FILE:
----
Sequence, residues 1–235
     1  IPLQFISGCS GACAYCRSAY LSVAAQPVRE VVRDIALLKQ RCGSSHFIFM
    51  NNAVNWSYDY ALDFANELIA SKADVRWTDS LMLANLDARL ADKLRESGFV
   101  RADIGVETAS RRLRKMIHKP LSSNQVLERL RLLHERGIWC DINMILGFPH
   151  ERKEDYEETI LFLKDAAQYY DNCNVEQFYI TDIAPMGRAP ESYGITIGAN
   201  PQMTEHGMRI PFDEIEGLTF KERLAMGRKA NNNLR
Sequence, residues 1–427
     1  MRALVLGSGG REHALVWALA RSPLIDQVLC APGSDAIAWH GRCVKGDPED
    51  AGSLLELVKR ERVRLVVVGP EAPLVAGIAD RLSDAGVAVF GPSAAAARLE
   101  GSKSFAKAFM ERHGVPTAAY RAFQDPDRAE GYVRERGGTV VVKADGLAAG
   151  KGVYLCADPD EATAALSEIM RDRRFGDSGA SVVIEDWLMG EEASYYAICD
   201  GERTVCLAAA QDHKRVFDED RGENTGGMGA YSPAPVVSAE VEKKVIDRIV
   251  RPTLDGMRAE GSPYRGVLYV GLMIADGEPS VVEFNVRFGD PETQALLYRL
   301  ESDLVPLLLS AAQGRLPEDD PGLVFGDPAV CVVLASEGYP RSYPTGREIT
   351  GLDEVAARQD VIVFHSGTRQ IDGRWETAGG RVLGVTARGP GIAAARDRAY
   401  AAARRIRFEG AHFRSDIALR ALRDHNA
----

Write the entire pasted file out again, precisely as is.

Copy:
Sequence, residues 1–235
     1  IPLQFISGCS GACAYCRSAY LSVAAQPVRE VVRDIALLKQ RCGSSHFIFM
    51  NNAVNWSYDY ALDFANELIA SKADVRWTDS LMLANLDARL ADKLRESGFV
   101  RADIGVETAS RRLRKMIHKP LSSNQVLERL RLLHERGIWC DINMILGFPH
   151  ERKEDYEETI LFLKDAAQYY DNCNVEQFYI TDIAPMGRAP ESYGITIGAN
   201  PQMTEHGMRI PFDEIEGLTF KERLAMGRKA NNNLR
Sequence, residues 1–427
     1  MRALVLGSGG REHALVWALA RSPLIDQVLC APGSDAIAWH GRCVKGDPED
    51  AGSLLELVKR ERVRLVVVGP EAPLVAGIAD RLSDAGVAVF GPSAAAARLE
   101  GSKSFAKAFM ERHGVPTAAY RAFQDPDRAE GYVRERGGTV VVKADGLAAG
   151  KGVYLCADPD EATAALSEIM RDRRFGDSGA SVVIEDWLMG EEASYYAICD
   201  GERTVCLAAA QDHKRVFDED RGENTGGMGA YSPAPVVSAE VEKKVIDRIV
   251  RPTLDGMRAE GSPYRGVLYV GLMIADGEPS VVEFNVRFGD PETQALLYRL
   301  ESDLVPLLLS AAQGRLPEDD PGLVFGDPAV CVVLASEGYP RSYPTGREIT
   351  GLDEVAARQD VIVFHSGTRQ IDGRWETAGG RVLGVTARGP GIAAARDRAY
   401  AAARRIRFEG AHFRSDIALR ALRDHNA